The average throughput for large jobs is lower, but the average throughput for small jobs is much higher. That's the win. Also, the time-to-first-dollar for everyone is lower in the asynchronous workflow, even if the time to last dollar is higher for big jobs. Also, the asynchronous system is fair; every job waits approximately (size of job)x(number of jobs). In the synchronous system, some jobs wait almost no time and some wait a really long time.

The other win is: tellers are expensive; this system hires a single teller and gets good throughput for small jobs. To get good throughput in the synchronous system, as you note, you need to hire more tellers which is expensive.

Is this also true for Task.WhenAll() or Task.WhenAny() ?

They do not create threads. They just take a bunch of tasks and complete when all/any of the tasks are done.

When creating the getStringTask Task, another thread will copy the current context and start executing the GetStringAsync method.

Absolutely not. The task is already asynchronous and since it is an IO task it doesn't need a thread. The IO hardware is already asynchronous. There is no new worker hired.

When awaiting getStringTask, we will see if the other thread has completed his task

No, there is no other thread. We see if the IO hardware has completed its task. There is no thread.

When you put a piece of bread in the toaster, and then go check your email, there is no person in the toaster running the toaster. The fact that you can start an asynchronous job and then go off and do other stuff while it is working is because you have special purpose hardware that is by its nature asynchronous. That's true of network hardware the same way it is true of toasters. There is no thread. There is no tiny person running your toaster. It runs itself.

if not the control will be back to the caller of AccessTheWebAsync() method until the other thread completes its task to resume the control.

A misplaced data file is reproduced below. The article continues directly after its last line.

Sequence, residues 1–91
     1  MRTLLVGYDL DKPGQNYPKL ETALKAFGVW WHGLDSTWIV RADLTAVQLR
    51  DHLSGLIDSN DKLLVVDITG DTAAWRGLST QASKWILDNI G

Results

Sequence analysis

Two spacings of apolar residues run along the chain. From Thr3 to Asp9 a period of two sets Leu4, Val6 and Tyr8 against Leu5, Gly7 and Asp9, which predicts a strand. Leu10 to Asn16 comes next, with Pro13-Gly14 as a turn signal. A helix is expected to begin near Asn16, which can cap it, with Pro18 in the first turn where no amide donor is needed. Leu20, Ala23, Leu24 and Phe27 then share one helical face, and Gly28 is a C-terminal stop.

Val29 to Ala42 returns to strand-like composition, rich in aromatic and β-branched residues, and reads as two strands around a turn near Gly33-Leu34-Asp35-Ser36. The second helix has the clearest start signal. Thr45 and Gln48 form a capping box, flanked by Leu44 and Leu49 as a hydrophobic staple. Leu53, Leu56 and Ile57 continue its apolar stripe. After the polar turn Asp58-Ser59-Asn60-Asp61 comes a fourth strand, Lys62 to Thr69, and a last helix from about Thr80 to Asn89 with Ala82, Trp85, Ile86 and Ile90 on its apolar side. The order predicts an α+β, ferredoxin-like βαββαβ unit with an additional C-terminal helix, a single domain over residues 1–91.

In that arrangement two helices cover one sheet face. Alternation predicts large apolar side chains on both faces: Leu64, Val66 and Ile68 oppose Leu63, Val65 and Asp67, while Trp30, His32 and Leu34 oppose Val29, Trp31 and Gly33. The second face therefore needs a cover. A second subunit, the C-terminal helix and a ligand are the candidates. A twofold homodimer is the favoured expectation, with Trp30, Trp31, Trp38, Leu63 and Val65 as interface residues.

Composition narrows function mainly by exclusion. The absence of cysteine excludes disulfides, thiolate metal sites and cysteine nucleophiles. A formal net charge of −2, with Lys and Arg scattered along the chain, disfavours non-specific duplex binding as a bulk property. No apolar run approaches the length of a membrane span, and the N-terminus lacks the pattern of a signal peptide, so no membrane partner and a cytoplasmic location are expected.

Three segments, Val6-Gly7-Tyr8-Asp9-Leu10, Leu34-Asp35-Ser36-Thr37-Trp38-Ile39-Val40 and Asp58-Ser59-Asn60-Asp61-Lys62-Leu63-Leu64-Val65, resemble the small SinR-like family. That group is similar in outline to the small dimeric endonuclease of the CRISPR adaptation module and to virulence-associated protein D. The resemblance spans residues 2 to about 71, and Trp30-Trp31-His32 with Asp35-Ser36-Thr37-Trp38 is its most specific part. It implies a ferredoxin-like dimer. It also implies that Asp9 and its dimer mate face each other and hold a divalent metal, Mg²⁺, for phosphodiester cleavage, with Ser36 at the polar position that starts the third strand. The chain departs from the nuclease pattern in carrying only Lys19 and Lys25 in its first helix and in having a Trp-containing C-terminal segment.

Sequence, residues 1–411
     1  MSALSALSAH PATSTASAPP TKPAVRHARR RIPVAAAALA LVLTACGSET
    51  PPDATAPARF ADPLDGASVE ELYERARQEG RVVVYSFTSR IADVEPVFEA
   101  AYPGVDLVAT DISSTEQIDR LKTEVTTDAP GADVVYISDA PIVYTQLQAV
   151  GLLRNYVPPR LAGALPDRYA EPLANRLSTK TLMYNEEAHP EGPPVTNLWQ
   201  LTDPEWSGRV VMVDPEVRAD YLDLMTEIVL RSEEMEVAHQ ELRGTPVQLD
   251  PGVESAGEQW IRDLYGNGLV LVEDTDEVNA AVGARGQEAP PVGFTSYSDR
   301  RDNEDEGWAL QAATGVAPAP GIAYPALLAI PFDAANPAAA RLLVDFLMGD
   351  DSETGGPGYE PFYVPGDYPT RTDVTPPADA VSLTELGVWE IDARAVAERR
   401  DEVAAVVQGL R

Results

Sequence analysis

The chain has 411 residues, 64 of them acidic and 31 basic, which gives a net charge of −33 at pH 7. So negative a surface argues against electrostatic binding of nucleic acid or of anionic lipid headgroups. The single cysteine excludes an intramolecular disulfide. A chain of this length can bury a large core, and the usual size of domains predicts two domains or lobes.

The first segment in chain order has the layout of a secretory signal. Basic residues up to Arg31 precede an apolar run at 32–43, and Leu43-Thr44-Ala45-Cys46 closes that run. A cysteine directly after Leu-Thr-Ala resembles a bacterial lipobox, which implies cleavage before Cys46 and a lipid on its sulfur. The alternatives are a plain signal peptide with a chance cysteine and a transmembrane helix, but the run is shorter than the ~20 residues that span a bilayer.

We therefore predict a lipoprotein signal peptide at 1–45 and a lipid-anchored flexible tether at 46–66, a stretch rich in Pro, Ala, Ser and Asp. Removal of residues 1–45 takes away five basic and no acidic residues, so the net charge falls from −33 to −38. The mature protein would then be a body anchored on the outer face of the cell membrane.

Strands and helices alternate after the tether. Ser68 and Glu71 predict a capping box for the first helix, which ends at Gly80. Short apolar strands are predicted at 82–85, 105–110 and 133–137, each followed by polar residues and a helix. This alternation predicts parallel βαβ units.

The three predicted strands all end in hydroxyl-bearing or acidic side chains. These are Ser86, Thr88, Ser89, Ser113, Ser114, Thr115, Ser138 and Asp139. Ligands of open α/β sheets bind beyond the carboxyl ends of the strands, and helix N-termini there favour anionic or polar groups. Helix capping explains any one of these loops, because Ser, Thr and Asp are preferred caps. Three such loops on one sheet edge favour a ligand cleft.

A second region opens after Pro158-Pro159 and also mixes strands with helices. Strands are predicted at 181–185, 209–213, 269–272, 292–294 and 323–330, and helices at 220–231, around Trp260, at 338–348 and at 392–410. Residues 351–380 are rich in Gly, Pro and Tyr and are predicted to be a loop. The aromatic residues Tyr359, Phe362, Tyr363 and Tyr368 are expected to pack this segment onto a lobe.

Again, there is no other thread.

But the control flow is correct. If the task is complete then the value of the task is fetched. If it is not complete then control returns to the caller, after assigning the remainder of the current workflow as the continuation of the task. When the task is complete, the continuation is scheduled to run.

i really don't get how no extra thread is created when awaiting a Task.

Again, think about every time in your life when you stopped doing a task because you were blocked, did something else for a while, and then started up doing the first task again when you got unblocked. Did you have to hire a worker? Of course not. Yet somehow you managed to make eggs while the toast was in the toaster. Task based asynchrony just puts that real-world workflow into software.

It never ceases to amaze me how you kids today with your weird music act like threads always existed and there is no other way to do multitasking. I learned how to program in an operating system that didn't have threads. If you wanted two things to appear to happen at the same time, you had to build your own asynchrony; it wasn't built into the language or the OS. Yet we managed.

Cooperative single-threaded asynchrony is a return to the world as it was before we made the mistake of introducing threads as a control flow structure; a more elegant and far simpler world. An await is a suspension point in a cooperative multitasking system. In pre-threading Windows, you'd call Yield() for that, and we didn't have language support for creating continuations and closures; you wanted state to persist across a yield, you wrote the code to do it. You all have it easy!

Can someone explain what exactly happening when awaiting a Task ?

Exactly what you said, just with no thread. Check to see if the task is done; if it's done, you're done. If not, schedule the remainder of the workflow as the continuation of the task, and return. That's all await does.